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Sleep apnea is a common sleep disorder that affects between 2% and 9% of adults in the United States. The most common form, obstructive sleep apnea, occurs when the tissues in your throat block your airway as you sleep, causing your breathing to stop and start. This can lead to decreased oxygen levels, poor sleep quality, and a decline in your overall physical health.

Lifestyle adjustments like losing weight may help address the symptoms of sleep apnea in the long term. However, one of the most effective treatments that can immediately improve sleep apnea symptoms is continuous positive airway pressure (CPAP) therapy.

A CPAP mask is a key piece of equipment for CPAP therapy. The mask connects to your CPAP machine with tubing, creates an airtight seal around your mouth and nose, and delivers pressurized air to help keep your airways open as you sleep. Although CPAP masks are required for CPAP therapy, they are usually sold separately from new CPAP units.

When shopping for a CPAP mask, you’ll quickly realize they come in many different shapes and sizes. We’ll examine the different styles of masks and discuss which mask types suit which sleeper types so you can find the best CPAP mask for your needs.

Product Details

Best Overall

Philips Respironics DreamWear Nasal Pillow CPAP Mask with Headgear

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  1. Low profile and comfortable fit
  2. Slip resistant frame and top-of-head tubing connection make it ideal for active sleepers
  3. Creates a clear line of sight and is compatible with eyeglasses


  1. May not be sufficient for people who need high pressure levels
  2. Can exacerbate symptoms for sleepers prone to nasal congestion

Bottom Line

We give the DreamWear Nasal CPAP Mask high marks for a design that helps it stay put through the night, even for restless sleepers. If you toss and turn a lot during sleep, this mask is worth checking out.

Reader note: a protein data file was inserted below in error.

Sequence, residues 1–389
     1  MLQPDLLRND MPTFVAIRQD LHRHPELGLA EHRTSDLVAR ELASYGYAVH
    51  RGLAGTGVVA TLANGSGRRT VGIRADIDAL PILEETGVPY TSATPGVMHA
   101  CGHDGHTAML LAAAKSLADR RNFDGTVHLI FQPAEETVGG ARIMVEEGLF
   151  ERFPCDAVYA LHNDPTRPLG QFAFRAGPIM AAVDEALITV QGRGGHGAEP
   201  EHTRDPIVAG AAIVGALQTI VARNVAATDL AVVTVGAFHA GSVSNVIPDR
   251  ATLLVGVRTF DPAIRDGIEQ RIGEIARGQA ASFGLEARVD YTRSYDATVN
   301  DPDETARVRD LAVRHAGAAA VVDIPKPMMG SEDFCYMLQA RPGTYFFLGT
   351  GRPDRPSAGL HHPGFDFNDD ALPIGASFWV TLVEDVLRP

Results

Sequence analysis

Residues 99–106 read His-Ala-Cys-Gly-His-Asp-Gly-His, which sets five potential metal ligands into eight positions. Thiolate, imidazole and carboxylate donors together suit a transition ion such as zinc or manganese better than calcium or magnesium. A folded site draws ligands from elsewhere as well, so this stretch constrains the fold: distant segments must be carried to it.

Made by Philips Respironics, the DreamWear Nasal CPAP Mask is a nasal pillow style mask that’s designed to accommodate active sleepers. Like other nasal pillow masks, the DreamWear has a low-profile design that creates a seal at the base of the nostrils and makes minimal contact with your face, optimizing comfort.

What Does It Do?

The DreamWear features several clever design elements for sleepers who toss and turn in their sleep. Unlike many other nasal pillow masks, the DreamWear’s tubing attaches to a swivel connector at the top of the head. This gives the tubing greater freedom of movement and also makes it less likely to become tangled and disturb your mask’s seal if you move around in your sleep. It’s available in three sizes: small, medium, and large.

Who It’s Best for

The DreamWear features a slip-resistant frame that helps to keep the nasal pillow in place and securely sealed, even if you sleep on your side or stomach. The combination of the DreamWear’s soft, flexible silicone nasal pillow and its cushioned head strap make this a comfortable option. The mask is compatible with all CPAP machines and connects with standard CPAP tubing. With a mid-range price for a nasal style CPAP mask, the DreamWear is also a great value.

This mask is protected by a 60-day trial period, during which unused masks may be returned. Ground shipping is free of charge for U.S. customers.

Best for Side Sleepers

ResMed AirFit P10 Nasal Pillow CPAP Mask

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SleepFoundation.org photo of the ResMed AirFit P10 Nasal CPAP Mask

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  1. Minimal design with unobtrusive headgear
  2. Mesh-vent technology designed to reduce noise
  3. Color-coded parts for easy assembly